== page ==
With the unending barrage of news and scandal, chaos and outrage, it’s challenging to know where each of us fits into the complex puzzle — especially when it comes to our planet. What does it mean to live this close to the edge, to be on the tip of the tipping point? Join us as we explore how we can gear up, ground down, and find ourselves in t ...…
 
The annual youth-led worship service will explore stereotypes and labels. How are they damaging and what might we do about it? The rite of passage of Bridging for high school seniors will also be part of this service.
 
All around us we see life longing and yearning for expression. We see our stories reflected on the big and small screen, on the radio, and online — but do we recognize ourselves in one another? How can we create spaces where we can be brave enough to boldly share our fullness with one another? Spaces where we can set aside shame and embarrassme ...…
 
There is an ancient story of the Israelites carrying the bones of their ancestors through the desert when they were freed from captivity. What do you carry with you? What is the gift and burden of your ancestors that you do not, or could not, put down?
 
Continuing with our theme of legacy, this service will work with Atul Gawande’s groundbreaking book, “Being Mortal,” as we look at the beauty found in the midst of brevity.
 
As we approach the 60th anniversary of the founding of our congregation, this service will lift up the proud legacy of those who built us, and reflect on the legacy we will leave for the generations to come.
 
Come join us for Rev. Kären’s last worship service as we explore the topic of when ordinary people do extraordinary things.
 
Members of the congregation speak on the transformative process of creating new families, and how we can challenge and transform traditional norms of family roles and boundaries.
 
Using the core story from our religious education program this month, “The Fig Seed” from Buddhist scripture, we’ll look at human nature itself. What are true things we can say about what makes us uniquely human? How does our humanity, biologically and spiritually expressed, compel us to live?
 
Even in the midst of uncertainty, the energy of the New Year is upon us. Somehow the switch from one month to the next inspires a cultural sense of hope, change, and possibility. And yet, we’re still the same people we were a couple of weeks ago, facing the same challenges and conflicts from before! Is the “New Year, New Me” philosophy yet anot ...…
 
Rev. Ladd and Rev. Weatherspoon look at the prophetic & pressing themes in Dr. King’s “Letter from a Birmingham Jail.” How can we take the person, & the text, & the implications for the present day seriously enough to make new ways of being possible?
 
This month, the story our children and youth will grapple with is all about transforming evil – not ignoring it, not looking away, but actively changing it into something else. Maybe this is why “movements” are called that. Perhaps being in the midst of the transformation, personally or socially, is the most honest way to serve.…
 
Enjoy a traditional retelling of the Christmas story with music and carols.
 
The River Road Choir sings Benjamin Britten's "A Ceremony of Carols."
 
How can we welcome the in-between spaces of our lives? The in-between identities we hold? The middle spots between supposed opposites? The world stretches out between the dichotomies, and maybe peace is found in between.
 
As we near the middle of the path of Great Turning, we reflect while facing forward. While we move into a place of “Peace” in December, how can we move away from Peace as a notion of zero conflict and maximum happiness to an understanding of Peace as Clarity and Knowing? In This Great Turning we learn to lean on the Knowing and Clarity of the c ...…
 
Spiritual teachers often speak about the cultivation of a “devotional” life. What are you truly devoted to? What does it feel like to live a life of devotion?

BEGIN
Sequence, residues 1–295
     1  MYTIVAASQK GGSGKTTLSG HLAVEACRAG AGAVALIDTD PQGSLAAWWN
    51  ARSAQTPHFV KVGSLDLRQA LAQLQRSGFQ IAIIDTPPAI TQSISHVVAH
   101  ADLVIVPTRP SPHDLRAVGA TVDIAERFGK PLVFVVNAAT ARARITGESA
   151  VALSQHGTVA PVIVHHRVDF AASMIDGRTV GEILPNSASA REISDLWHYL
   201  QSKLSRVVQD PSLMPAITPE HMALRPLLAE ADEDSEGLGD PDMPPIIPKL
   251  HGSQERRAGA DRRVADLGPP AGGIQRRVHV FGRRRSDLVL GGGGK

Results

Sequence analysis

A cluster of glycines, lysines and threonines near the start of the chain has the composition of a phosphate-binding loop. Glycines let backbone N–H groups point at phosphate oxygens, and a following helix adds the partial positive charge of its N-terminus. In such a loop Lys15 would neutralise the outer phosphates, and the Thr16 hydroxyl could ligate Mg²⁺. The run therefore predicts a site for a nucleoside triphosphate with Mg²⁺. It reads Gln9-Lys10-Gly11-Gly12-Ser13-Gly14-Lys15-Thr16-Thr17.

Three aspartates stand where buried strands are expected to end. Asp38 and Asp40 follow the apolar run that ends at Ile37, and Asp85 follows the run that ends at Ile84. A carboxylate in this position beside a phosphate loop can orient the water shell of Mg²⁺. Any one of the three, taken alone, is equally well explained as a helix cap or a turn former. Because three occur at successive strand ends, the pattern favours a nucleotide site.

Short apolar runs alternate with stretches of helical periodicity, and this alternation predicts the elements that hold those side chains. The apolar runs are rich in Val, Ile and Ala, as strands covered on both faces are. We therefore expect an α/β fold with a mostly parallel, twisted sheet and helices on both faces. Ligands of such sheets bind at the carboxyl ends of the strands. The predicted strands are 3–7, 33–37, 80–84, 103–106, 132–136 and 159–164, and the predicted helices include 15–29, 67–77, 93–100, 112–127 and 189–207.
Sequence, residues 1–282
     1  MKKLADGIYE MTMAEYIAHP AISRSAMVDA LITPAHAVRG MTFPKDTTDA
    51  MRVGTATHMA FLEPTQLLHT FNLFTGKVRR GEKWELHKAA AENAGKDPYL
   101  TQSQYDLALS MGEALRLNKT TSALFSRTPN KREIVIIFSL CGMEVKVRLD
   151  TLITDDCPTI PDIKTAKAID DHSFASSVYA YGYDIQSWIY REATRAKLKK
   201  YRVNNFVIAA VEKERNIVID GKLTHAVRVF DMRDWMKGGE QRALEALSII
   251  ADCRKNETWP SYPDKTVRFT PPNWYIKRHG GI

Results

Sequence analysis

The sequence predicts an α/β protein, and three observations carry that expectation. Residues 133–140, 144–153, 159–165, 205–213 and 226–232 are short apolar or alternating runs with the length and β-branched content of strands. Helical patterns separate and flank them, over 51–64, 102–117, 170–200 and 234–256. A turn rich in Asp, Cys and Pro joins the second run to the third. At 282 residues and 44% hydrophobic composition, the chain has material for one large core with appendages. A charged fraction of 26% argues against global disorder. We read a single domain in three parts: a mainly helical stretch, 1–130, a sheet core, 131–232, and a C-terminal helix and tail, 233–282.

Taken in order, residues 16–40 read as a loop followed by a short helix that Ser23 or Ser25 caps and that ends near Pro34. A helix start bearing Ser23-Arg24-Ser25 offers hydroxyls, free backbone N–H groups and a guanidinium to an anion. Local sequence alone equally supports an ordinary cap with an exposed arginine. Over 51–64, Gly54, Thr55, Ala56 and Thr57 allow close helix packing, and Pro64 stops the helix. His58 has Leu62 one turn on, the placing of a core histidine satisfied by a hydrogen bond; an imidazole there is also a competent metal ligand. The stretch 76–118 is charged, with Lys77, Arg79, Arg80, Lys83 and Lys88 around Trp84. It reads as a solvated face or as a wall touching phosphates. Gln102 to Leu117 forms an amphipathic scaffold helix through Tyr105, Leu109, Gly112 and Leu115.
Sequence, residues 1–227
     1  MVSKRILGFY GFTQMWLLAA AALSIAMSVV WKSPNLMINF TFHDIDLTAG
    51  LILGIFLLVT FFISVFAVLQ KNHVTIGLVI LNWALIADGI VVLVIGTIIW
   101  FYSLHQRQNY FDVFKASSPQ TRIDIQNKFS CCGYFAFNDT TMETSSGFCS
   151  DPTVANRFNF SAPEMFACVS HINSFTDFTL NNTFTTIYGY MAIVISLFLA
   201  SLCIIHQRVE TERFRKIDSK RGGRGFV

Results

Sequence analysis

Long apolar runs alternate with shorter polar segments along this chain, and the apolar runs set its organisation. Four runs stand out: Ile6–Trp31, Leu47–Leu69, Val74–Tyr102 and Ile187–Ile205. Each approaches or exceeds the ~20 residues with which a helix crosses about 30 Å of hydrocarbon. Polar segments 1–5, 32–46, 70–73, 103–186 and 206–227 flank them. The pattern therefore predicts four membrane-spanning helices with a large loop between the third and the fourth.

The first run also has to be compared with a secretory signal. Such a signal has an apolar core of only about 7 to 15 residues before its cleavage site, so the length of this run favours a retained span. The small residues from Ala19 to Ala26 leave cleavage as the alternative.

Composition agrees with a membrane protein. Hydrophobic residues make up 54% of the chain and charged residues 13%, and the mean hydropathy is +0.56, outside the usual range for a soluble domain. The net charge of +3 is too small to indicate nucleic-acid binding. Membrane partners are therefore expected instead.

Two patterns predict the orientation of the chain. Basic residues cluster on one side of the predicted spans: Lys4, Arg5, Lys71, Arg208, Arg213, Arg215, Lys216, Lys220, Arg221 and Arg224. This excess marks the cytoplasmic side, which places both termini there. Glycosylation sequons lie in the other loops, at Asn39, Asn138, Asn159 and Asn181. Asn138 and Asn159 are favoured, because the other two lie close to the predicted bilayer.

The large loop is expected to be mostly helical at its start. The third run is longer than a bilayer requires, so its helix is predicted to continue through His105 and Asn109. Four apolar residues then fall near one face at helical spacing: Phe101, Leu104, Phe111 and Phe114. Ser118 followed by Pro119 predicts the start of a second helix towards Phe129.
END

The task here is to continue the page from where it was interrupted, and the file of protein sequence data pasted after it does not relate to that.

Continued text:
We’re going to ponder a little bit about what it is to be human, and how the world around us seeks to define our humanity. Pulling pretty loosely from economic theory and a dodgy understanding of John Stuart Mill, Rev. Nancy will see just where this thought train leads.
 
It’s no big deal to be grateful when everything is easy. How can we dig deep to our spiritual resources and be grateful in the complexity of our lives, no matter what?
 
Part three of the Great Turning sermon series brings us to the challenging yet joyful space of ‘faith”. Faith is often thought of as one dimensional or naive, especially in our tradition which values and emphasizes reason and rationality. But we also know that Unitarian Universalism has a rich tradition of placing faith in the unknown – whether ...…
 
This is a multigenerational service about moving in the world with fierce authenticity and the courage to bring everything we are (and everything we’ve got) to the work of loving ourselves and serving the world. We’re delighted to welcome Dr. Glen Thomas Rideout, Director of Worship & Music, First Unitarian Universalist Congregation of Ann Arbo ...…
 
Join Rev. Nancy and Rev. Amanda Poppei as we weave together stories of humanist ancestors (from the broadest possible sense of inclusion) and humanist descendants. If we had a family reunion of the past, present, and future of humanism, how could we include everybody at the picnic table?
 
The Coming of Age class has spent a year discovering who they are, what they believe, and how it all relates to Unitarian Universalism. This worship service is a rite of passage that ends the year with class members sharing their personal belief statements.
 
What happens when what we have believed shifts dramatically? When the objects of our reverence are absent or newly different? When you look up to the heavens in search of God, what if you see something entirely unexpected?
 
In a world full of uncertainty, what we know for sure is that there’s no going back. During This Great Turning we cannot go back to the way things were – whether it be a time of innocence, a time of ignorance, or a time of complacency. As people of faith, we are called to service of the wider community and world, but how can we serve a hurting ...…
 
Vision leans forward, memory leans back. Held in this tension of where we’re headed and where we’ve been, there is plenty of meaning and purpose for today. This Sunday, we’ll join our Romanian partner church in celebrating their 450th anniversary and the many years that lie ahead for us all.
 
This is Rev. Amanda Weatherspoon's Reflection from our Ingathering Water Communion Service where Revs. Nancy and Amanda, our new Minister for Justice & Community Building, and RRUUC children told the story, "A Little Stream Called to the Sea". You’re invited to be with us in community as we begin the new congregational year.…